South Korean astronaut OK after rough landing
KAZAKH STEPPE |
KAZAKH STEPPE (Reuters) - A Russian space capsule landed about 260 miles off course in Kazakhstan on Saturday but South Korea's first astronaut and the other two crew were safe.
The Soyuz capsule landed west of the target area and about 20 minutes past the scheduled time after it adopted a so-called "ballistic landing", space officials said. Rescue helicopters rushed to the site.
"The capsule landed with an overshoot. Such things happen," said mission control spokesman Valery Lyndin.
He said the crew had begun leaving the capsule, which carried Yi So-yeon, a 29-year old nanotechnology engineer from Seoul, U.S. commander Peggy Whitson and Russian flight engineer Yuri Malenchenko.
A Reuters photographer, who traveled to the landing site in a helicopter with rescue crews, saw plumes of smoke rising from the capsule, which was lying in its side stamped about 30 cm into the ground with its parachute burning.
The photographer said the U.S. astronaut looked pale and was not fit enough to take part in a brief news conference. He said the Korean and the Russian looked fine as they traveled in a helicopter from the site to the Kazakh city of Kustanai.
He said the Korean had been dozing in the helicopter most of the way back to Kustanai but started smiling and made a flower drawing on the wall after she was served tea and had her blood pressure measured.
"Even though it is a very small place you can float back and fourth under each other, over each other," smiling Yi So-yeon told in English of her experiences in zero gravity environment at the International Space Station.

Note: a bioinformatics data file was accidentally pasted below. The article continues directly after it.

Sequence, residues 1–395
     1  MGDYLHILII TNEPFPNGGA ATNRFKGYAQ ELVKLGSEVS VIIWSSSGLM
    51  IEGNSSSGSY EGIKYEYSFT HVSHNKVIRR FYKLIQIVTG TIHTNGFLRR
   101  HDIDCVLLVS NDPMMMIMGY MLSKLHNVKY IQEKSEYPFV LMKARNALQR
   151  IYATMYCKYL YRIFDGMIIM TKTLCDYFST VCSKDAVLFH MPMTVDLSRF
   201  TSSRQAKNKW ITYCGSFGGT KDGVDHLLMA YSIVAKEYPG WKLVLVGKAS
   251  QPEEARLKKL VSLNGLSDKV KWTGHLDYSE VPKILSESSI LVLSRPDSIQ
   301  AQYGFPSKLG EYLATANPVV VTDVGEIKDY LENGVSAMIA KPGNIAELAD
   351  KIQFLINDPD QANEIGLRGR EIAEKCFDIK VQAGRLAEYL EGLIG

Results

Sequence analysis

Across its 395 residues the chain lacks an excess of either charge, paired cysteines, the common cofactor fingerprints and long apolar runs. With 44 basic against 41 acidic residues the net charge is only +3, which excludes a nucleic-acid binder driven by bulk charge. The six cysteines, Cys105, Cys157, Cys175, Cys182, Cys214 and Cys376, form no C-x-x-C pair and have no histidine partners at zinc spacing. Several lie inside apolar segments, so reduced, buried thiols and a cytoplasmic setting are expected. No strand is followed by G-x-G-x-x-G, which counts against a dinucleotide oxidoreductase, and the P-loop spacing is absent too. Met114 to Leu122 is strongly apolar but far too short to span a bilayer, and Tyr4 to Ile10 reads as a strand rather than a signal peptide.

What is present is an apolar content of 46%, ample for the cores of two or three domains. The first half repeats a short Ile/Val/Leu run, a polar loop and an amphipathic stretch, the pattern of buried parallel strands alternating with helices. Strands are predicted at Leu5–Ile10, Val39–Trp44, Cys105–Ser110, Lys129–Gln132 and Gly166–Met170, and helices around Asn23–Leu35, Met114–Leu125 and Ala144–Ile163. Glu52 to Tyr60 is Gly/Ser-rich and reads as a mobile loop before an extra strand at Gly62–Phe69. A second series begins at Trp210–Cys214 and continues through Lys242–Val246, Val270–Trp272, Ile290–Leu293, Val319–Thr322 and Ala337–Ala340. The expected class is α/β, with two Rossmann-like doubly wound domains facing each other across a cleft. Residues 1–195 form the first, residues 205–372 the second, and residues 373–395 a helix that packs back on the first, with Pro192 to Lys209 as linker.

Russian space officials back at mission control in Moscow had waited nervously before confirmation came that all three were safe and their health was satisfactory.
The capsule landed so far off course because of a ballistic landing when the capsule follows a much steeper and shorter trajectory to earth, Anatoly Perminov, head of Russia's Federal Space Agency, told reporters.
A ballistic landing puts much higher gravity loads on the astronauts as the capsule spins towards earth.
"The crew did not report that they had taken the ballistic landing course on re-entry," Perminov told a news conference, adding that the incident will be investigated.
Russian space officials said the capsule landed close to the Kazakh border, just south-east of the Russian city of Orsk.
Yi became the first South Korean aboard the International Space Station earlier this month.
In October last year, the Soyuz capsule carrying Sheikh Muszaphar Shukor, an orthopedic surgeon from Kuala Lumpur, touched down about 125 miles off course in a similar ballistic landing caused by a cable glitch.
A U.S.-Russian crew lost radio contact on re-entry and landed almost 500 km off target during a Soyuz landing in May 2003. The crew had to wait for over two hours before they were located by rescue groups.
The Soyuz is the world's longest-serving manned space capsule. It was an early version of the craft, the Vostok, that took the world's first cosmonaut into orbit in 1961.
(Reporting by Gleb Bryanski)
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